Don't apply for a UK Master's without these three tips...
Applying to UK Master's is an exceptionally difficult process. Follow these three tips below to double your chances of receiving your dream offer!
1. The 'Three Thirds' Rule
Your Master’s Personal Statement should be split into three sections.
The first section should deal exclusively with academic material related to the subject you are applying for which is above and beyond your degree material. You can derive this material from the reading of books, articles, research papers, current events and journals.
The second section should be devoted to your practical experiences – that is, internships and research projects. You need to show that you have committed to your Master’s subject through more than classroom experience at undergraduate level. Where possible, compare your practical experiences to the theory you have read for your first academic section.
The third section should answer the questions ‘Why have you applied to this university?’ and ‘Why have you applied to this specific course?’ You need to be able to answer these questions with reference to specific programmes or initiatives the university has, as well as specific modules within the degree you are applying for.
2. Keep Your CV Short
Admissions tutors do not have the time to read over excessively long CVs, and a lack of restraint in this will cause your application to be viewed unfavourably. Your CV should be a maximum of one page long; any longer than this is unnecessary and counterproductive.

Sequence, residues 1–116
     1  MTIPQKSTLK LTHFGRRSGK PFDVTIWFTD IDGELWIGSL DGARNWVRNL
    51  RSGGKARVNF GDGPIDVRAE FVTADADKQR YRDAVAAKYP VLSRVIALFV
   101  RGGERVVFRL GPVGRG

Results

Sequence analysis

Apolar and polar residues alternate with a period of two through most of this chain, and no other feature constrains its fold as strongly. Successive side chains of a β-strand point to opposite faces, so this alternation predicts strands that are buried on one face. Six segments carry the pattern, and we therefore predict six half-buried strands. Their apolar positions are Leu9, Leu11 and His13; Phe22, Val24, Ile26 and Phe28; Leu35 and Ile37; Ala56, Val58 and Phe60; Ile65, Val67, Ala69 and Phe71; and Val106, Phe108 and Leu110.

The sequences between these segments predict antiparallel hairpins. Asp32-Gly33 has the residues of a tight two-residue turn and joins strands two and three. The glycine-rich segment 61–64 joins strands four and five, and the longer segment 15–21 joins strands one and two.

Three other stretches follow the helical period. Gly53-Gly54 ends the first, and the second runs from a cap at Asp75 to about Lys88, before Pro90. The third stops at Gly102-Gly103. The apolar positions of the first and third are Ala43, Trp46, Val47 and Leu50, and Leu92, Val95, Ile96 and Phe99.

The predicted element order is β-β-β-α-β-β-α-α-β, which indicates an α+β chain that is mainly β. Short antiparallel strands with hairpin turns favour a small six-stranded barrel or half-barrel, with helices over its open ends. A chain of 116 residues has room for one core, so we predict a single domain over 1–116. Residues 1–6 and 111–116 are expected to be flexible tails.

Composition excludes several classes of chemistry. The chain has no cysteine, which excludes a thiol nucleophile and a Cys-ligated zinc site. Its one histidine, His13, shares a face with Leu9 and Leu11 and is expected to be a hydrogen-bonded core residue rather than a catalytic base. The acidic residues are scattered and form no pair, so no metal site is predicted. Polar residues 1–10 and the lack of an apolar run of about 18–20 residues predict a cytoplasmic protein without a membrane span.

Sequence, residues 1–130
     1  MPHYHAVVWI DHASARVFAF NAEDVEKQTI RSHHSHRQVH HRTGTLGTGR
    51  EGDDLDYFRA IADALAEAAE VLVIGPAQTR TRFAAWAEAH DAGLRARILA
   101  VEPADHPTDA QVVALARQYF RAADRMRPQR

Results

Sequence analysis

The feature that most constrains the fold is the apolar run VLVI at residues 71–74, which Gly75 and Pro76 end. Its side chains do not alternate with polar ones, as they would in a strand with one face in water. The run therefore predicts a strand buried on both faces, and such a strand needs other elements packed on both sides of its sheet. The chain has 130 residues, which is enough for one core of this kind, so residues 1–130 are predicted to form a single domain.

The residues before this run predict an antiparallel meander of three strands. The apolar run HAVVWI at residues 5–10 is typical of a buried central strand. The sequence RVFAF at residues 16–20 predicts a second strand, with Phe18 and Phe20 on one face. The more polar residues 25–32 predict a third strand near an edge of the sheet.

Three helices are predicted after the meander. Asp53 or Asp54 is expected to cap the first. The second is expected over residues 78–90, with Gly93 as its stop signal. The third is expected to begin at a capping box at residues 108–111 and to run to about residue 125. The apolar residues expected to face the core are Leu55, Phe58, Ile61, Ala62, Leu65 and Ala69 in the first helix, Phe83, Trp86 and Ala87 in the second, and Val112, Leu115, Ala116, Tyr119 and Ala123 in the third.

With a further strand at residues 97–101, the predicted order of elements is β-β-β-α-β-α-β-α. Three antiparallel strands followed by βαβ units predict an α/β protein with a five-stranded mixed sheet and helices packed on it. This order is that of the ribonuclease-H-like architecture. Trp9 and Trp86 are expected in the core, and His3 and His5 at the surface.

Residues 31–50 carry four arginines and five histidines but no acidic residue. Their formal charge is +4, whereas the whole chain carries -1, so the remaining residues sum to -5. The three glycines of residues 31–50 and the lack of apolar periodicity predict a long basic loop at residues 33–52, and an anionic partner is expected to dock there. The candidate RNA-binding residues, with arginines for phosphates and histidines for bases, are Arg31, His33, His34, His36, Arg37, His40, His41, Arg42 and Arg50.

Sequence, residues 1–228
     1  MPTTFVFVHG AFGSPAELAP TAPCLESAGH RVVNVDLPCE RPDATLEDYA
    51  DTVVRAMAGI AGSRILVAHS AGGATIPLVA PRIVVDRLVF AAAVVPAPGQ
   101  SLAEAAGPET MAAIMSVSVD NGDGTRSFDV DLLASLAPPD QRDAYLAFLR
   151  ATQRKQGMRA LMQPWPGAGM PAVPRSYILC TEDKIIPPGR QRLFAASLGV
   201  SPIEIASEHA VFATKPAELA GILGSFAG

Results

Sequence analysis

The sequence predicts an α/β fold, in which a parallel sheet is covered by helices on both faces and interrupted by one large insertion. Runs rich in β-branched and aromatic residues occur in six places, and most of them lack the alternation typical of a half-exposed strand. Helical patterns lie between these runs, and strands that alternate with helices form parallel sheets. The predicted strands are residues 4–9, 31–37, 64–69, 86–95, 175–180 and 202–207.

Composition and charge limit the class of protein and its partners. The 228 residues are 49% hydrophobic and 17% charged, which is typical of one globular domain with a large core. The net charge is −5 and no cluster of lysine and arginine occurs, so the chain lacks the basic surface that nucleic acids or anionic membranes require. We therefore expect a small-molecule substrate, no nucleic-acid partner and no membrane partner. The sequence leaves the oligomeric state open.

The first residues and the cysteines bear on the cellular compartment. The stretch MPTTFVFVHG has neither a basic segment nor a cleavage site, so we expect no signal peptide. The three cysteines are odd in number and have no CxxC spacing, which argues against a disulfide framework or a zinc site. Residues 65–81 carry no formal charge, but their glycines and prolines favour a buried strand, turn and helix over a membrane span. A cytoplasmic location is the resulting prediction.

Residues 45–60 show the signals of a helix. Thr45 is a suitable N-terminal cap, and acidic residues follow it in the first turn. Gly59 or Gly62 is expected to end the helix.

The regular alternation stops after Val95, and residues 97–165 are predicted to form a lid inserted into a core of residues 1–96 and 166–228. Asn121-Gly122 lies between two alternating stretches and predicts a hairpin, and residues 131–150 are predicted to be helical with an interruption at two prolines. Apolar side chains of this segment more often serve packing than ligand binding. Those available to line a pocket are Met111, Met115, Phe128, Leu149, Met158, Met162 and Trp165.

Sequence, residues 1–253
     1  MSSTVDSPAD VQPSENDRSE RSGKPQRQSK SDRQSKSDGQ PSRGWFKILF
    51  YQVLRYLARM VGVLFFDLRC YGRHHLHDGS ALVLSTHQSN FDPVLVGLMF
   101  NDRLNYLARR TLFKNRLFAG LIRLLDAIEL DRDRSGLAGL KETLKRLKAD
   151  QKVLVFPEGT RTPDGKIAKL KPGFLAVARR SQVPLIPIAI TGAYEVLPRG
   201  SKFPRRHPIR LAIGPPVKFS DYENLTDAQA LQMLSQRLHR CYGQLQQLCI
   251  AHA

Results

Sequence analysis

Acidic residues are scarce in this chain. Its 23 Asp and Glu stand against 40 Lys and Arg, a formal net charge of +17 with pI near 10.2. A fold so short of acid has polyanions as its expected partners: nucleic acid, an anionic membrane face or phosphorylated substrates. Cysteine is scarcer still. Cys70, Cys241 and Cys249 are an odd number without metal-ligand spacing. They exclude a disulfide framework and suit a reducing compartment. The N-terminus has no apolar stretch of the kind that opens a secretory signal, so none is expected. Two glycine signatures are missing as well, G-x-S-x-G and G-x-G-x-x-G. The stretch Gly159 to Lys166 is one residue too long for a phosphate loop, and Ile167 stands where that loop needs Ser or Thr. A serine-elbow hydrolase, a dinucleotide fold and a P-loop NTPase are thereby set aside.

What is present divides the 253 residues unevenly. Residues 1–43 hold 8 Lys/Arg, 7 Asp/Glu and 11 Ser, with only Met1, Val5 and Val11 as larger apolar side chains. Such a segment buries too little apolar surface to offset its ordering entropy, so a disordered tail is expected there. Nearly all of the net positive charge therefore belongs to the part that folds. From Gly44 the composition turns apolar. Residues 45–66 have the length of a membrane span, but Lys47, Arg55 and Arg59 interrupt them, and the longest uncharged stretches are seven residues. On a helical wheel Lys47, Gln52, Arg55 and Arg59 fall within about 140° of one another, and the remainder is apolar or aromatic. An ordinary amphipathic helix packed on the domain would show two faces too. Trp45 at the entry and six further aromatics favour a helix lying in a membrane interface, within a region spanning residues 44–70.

Your CV should be arranged with your name and contact information at the top, your education coming next (with most recent experiences coming first), your internships next, your research experience, if applicable, next, and finally your additional interests coming last (language skills, computer skills, and general interests).
3. Focus Your Personal Statement on Academics
Master’s degrees in the UK are highly academic – this means that admissions tutors are really only interested in your academic credentials. Positions of leadership, societies you’re involved in, and other extracurriculars, while good for your development, are not going to be considered for admissions criteria.
That being the case, ensure that your Personal Statement is as academic as possible. Instead of introducing yourself and your motivation in the first paragraph, instead launch straight into academic content; this is much more likely to create a favourable first impression of your application. Don’t talk about how well-suited, passionate and motivated you are for the course, show these things through discussion of higher-level academic content.
If you found these tips useful…
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